|US8246782||Nov 4, 2011||Aug 21, 2012||Metso Paper Karlstad Ab||Apparatus with an impermeable transfer belt in a papermaking machine, and associated methods|
|US8257551||Mar 31, 2008||Sep 4, 2012||Kimberly Clark Worldwide, Inc.||Molded wet-pressed tissue|
|US8262857||Jul 1, 2010||Sep 11, 2012||Kimberly-Clark Worldwide, Inc.||Process for producing tissue products|
|US8282776||Jun 21, 2007||Oct 9, 2012||Kimberly-Clark Worldwide, Inc.||Wiping product having enhanced oil absorbency|
|US8388812||Dec 10, 2009||Mar 5, 2013||Albany International Corp.||Industrial fabric including spirally wound material strips|
|US8394239||Dec 10, 2009||Mar 12, 2013||Albany International Corp.||Industrial fabric including spirally wound material strips|
|US8454800||Jan 27, 2010||Jun 4, 2013||Albany International Corp.||Industrial fabric for producing tissue and towel products, and method of making thereof|
|US8512515||Jan 31, 2011||Aug 20, 2013||Kimberly-Clark Worldwide, Inc.||Wiping products having enhanced cleaning abilities|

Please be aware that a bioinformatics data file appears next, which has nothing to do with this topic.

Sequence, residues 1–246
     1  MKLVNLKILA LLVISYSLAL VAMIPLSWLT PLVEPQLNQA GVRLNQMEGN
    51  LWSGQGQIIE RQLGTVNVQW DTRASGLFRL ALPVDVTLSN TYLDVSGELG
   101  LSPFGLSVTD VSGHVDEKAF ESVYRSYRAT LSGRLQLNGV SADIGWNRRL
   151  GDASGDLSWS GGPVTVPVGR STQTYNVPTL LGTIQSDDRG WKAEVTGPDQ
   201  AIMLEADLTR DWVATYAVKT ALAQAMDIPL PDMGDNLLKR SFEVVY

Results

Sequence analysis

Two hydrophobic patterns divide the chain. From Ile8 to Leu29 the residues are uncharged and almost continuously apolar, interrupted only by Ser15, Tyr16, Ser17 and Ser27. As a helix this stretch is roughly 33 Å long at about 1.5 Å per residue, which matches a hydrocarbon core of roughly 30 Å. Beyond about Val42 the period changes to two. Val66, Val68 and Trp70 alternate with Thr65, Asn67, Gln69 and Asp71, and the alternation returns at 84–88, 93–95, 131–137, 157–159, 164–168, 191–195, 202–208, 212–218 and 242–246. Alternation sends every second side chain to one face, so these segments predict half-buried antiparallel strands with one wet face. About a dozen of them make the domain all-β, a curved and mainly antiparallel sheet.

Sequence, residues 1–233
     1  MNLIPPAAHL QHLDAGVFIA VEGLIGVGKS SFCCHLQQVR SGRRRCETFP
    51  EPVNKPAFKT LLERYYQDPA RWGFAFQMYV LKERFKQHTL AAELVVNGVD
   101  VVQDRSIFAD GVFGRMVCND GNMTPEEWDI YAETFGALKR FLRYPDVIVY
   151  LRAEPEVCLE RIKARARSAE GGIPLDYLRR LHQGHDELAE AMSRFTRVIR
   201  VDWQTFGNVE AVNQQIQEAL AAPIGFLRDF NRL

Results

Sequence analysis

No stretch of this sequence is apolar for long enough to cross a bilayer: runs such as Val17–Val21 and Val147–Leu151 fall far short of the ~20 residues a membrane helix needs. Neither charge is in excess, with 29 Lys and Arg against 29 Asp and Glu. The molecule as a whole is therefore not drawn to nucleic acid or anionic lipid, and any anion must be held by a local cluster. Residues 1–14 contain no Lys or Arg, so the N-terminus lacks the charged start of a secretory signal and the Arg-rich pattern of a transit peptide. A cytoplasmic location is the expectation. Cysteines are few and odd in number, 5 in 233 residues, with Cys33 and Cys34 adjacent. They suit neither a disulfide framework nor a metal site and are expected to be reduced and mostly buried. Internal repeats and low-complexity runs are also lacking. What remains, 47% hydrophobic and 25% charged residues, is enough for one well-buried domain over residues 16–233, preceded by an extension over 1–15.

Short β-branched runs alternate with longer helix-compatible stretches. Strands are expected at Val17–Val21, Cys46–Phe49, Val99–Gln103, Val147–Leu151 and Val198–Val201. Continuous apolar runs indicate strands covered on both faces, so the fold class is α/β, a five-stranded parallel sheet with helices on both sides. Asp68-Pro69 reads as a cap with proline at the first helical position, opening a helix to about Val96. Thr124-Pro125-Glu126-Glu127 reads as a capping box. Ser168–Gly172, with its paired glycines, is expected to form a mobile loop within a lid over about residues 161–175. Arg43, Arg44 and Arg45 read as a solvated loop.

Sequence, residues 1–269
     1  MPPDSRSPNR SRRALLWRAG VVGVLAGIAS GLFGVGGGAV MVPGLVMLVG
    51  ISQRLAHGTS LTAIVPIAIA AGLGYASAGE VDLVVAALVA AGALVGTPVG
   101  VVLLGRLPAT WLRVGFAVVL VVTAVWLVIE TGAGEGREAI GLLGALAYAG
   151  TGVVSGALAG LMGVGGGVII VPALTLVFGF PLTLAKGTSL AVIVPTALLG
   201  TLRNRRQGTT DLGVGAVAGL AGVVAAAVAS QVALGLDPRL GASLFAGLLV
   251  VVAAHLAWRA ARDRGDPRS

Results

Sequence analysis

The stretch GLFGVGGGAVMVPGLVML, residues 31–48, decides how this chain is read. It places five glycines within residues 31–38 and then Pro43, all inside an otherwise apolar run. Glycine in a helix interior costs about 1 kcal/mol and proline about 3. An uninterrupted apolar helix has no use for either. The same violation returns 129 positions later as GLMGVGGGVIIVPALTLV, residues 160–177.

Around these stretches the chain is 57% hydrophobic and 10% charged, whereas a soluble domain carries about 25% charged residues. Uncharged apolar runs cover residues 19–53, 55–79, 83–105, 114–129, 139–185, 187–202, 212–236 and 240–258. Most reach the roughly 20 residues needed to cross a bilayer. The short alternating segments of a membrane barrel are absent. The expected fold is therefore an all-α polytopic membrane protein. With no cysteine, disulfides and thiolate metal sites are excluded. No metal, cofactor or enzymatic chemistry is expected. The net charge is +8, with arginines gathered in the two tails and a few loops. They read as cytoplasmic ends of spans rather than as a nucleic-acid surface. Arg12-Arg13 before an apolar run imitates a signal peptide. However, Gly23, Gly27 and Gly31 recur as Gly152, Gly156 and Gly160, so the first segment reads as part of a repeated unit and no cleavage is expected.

|US8568561||Jan 30, 2012||Oct 29, 2013||Kimberly-Clark Worldwide, Inc.||Creped tissue sheets treated with an additive composition according to a pattern|
|US8728280||May 11, 2012||May 20, 2014||Albany International Corp.||Industrial fabric including spirally wound material strips with reinforcement|
|US8758569||Sep 2, 2009||Jun 24, 2014||Albany International Corp.||Permeable belt for nonwovens production|
|US8764943||May 11, 2012||Jul 1, 2014||Albany International Corp.||Industrial fabric including spirally wound material strips with reinforcement|
|US8801903||May 3, 2013||Aug 12, 2014||Albany International Corp.||Industrial fabric for producing tissue and towel products, and method of making thereof|
|US8822009||Sep 4, 2009||Sep 2, 2014||Albany International Corp.||Industrial fabric, and method of making thereof|
|US20020137416 *||Mar 15, 2002||Sep 26, 2002||Tamfelt Oyj Abp||Transfer belt for a paper machine|
|US20040065528 *||Sep 19, 2003||Apr 8, 2004||Kenji Inoue||Wet paper web transfer belt|
|US20040126545 *||Dec 31, 2002||Jul 1, 2004||Toney Mary M.||Method of fabrication of a dryer fabric and a dryer fabric with backside venting for improved sheet stability|
|US20040126546 *||Dec 31, 2002||Jul 1, 2004||Davenport Francis L.|
|US20040126569 *||Dec 31, 2002||Jul 1, 2004||Davenport Francis L.||Method for controlling a functional property of an industrial fabric and industrial fabric|
|US20040126601 *||Dec 31, 2002||Jul 1, 2004||Kramer Charles E.||Method of fabricating a belt and a belt used to make bulk tissue and towel, and nonwoven articles and fabrics|